He also structures his course to focus on what you need to do to be working as a jazz guitarist, so there's plenty of helpful context and application for pro-level gigging. The course is full of complex, yet easy to remember concepts that can definitely make you a better jazz player.
IDEAL FOR: Getting into advanced and/or pro-level jazz guitar study
- Tons of nuance focusing on blues greats and their playing styles
- Intriguing look into the vintage side of the blues style and its origins
- Really good integration of technique with artist concepts
- Lots of content
- Usually just a single camera angle
- Videos are a bit older and lower resolution
4. Chord Alchemy with John March via JamPlay
John March's Chord Alchemy course on JamPlay is one of my favorite recommendations, not just for jazz but for those wanting to get a better understanding of chords and the relationship they have to one another and the fretboard.
John goes deep into the intervalic relationship between chords, sequencing, and single-note movements, all in the context of jazz performing.
IDEAL FOR: General chord study and semi-advanced jazz playing
- Solid study of intervals
- John's approach to chords is applicable outside of jazz as well
- Helpful for the jazz improviser or performer
- John's teaching style is entertaining and engaging
- Usually just a single camera angle (older JamPlay course)
The Review Process
While looking for jazz guitar lessons to recommend, we focused on the most reputable programs and picked from courses within those programs. To test these courses, we actually went through them, watched the videos, and took some good notes.
In other words, we're not reviewing blind or making blind recommendations.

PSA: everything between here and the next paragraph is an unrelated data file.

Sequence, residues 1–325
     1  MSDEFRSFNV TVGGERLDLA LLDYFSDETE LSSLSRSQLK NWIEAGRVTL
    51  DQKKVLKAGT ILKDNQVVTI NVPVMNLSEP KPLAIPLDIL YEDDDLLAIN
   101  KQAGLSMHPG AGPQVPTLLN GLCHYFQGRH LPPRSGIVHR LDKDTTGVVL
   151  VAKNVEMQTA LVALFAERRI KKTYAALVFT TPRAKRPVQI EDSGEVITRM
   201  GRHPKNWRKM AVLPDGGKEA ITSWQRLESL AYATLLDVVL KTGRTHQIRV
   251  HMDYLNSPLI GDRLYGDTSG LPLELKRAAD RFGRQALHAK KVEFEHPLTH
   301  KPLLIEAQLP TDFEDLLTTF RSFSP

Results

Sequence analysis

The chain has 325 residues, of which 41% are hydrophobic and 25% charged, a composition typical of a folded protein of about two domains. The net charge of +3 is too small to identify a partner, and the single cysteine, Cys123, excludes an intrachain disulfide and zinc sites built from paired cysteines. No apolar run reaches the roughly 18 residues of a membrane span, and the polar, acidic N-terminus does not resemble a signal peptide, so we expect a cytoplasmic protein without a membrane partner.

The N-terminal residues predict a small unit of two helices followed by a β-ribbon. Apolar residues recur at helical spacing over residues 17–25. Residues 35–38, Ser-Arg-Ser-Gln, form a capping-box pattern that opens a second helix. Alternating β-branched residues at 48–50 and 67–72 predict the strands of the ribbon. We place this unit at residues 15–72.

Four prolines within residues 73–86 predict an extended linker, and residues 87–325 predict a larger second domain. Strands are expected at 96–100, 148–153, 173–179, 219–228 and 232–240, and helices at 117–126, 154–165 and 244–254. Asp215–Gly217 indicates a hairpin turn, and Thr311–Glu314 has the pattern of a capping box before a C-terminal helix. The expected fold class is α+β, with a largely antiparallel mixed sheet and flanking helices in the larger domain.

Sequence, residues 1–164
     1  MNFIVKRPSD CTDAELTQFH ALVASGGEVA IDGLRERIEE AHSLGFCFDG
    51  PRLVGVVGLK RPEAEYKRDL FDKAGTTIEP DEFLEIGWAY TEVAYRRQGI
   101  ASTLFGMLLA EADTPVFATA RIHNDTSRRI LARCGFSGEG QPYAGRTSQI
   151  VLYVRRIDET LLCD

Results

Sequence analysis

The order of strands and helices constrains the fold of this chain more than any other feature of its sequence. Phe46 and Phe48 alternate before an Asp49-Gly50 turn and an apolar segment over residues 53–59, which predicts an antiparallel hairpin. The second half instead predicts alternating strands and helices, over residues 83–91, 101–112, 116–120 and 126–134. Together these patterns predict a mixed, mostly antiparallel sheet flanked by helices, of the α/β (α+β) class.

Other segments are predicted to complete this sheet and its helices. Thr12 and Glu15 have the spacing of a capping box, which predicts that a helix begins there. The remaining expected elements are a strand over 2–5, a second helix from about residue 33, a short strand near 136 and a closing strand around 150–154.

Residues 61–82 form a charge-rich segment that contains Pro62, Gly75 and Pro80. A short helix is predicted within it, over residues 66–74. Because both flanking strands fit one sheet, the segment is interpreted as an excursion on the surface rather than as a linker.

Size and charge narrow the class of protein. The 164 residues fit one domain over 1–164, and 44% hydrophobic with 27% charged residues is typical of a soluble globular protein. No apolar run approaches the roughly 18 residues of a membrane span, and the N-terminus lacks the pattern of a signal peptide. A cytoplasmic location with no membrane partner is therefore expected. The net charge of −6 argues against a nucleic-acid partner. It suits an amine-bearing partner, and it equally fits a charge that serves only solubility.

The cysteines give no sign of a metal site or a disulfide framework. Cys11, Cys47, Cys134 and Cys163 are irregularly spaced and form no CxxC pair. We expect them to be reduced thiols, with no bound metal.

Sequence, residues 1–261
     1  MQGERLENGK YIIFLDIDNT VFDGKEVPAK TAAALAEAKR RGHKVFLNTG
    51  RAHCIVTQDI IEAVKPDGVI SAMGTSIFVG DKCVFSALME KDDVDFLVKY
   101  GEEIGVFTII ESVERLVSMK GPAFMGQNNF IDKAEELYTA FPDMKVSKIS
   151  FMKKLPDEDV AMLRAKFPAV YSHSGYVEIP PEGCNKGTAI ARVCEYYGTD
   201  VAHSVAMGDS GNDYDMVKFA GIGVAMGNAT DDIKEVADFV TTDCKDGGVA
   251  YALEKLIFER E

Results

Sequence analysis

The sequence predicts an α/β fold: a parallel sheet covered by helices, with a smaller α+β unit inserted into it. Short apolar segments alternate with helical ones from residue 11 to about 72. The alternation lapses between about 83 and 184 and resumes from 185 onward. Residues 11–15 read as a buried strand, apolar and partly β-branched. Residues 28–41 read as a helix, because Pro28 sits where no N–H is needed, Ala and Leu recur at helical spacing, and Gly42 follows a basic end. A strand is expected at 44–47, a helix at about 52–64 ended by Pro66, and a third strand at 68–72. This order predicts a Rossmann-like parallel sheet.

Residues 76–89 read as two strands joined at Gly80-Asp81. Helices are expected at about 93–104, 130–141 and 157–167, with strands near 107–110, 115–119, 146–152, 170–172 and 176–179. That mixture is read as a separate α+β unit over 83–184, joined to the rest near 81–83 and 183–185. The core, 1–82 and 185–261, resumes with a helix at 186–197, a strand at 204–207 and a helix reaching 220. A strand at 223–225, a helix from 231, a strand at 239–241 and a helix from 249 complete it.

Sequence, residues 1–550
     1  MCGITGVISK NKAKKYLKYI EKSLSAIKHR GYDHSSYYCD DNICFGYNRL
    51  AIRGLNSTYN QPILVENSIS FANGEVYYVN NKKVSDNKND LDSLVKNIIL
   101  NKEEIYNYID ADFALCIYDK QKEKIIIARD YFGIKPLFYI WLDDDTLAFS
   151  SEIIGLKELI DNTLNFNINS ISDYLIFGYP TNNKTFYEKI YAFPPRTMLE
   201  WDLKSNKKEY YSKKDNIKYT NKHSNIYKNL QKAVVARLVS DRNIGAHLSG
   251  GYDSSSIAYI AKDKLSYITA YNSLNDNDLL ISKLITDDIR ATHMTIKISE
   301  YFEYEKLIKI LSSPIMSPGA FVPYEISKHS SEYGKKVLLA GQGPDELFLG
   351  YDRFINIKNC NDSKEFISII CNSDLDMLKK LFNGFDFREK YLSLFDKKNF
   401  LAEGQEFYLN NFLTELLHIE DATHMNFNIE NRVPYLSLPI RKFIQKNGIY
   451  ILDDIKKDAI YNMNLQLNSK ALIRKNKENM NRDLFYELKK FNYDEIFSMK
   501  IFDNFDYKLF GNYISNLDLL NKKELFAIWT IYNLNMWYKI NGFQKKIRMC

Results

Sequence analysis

We're guitar players who know what a good guitar lesson should be, and this helps us make genuine recommendations to you based on real research
How We Review Guitar Courses
To go through the material, we usually use one or more of the following items:
- Macbook Pro, Mac Mini, and Cinema Display
- Apple iPad and iPhone
- PRS and Fender electric guitars
- Taylor and Martin Acoustics
Our review team is entirely made up of guitar players and musicians, where a large portion of the work and write-up is done by me directly (Bobby). We don't outsource the work or have these lists written by people who don't know guitar.
From what we typically see online, this is not the norm.
We often see marketers, search engine gurus, and even insurance salesman billing themselves as musicians, and recommending certain programs. This is not the case with our reviews. We're guitar players and musicians primarily, who make it our job to know our instrument and recommend good lessons.
For jazz-related content, we've even consulted with university professors and teachers, including EMU's Mark Whetzel.
Criteria for Evaluating Jazz Guitar Lessons
To evaluate lessons and courses in Guitar Chalk, we have two rating systems: One simplified and one weighted.
For the jazz guitar lessons in this article, we're using the simplified system, which includes four categories:
- Value (cost)
- Content quality
- Educational quality
- Topical organization
While these four criteria aren't necessarily specific to jazz, they still help give us an idea of where the strengths and weaknesses of an online course are.
Let's talk a little more about each one.
Value is how we measure price and overall quality of a given guitar lesson or course.
Since many courses aren't available as a single download for a one-time fee, we have to use the monthly membership cost of the parent program and plot it against that program's final rating.
For example, in the following graph you have a table with the monthly price and overall rating for each program, where lower and further to the right is better:
In this chart, you can see that Guitar Tricks, JamPlay, and Guitargate are three of the highest-value options, if you assume their overall rating (used in this graph).
Since we don't use the rating for each individual jazz course in this table, we take the value of each program overall when assessing courses within those programs.
To measure content quality, we look at the inclusion of media and the quality of that media.
- How many videos are included in the course?
- What kind of picture quality can the reader expect?
- Is it easy to stream and easy to see what the teacher's hands are doing?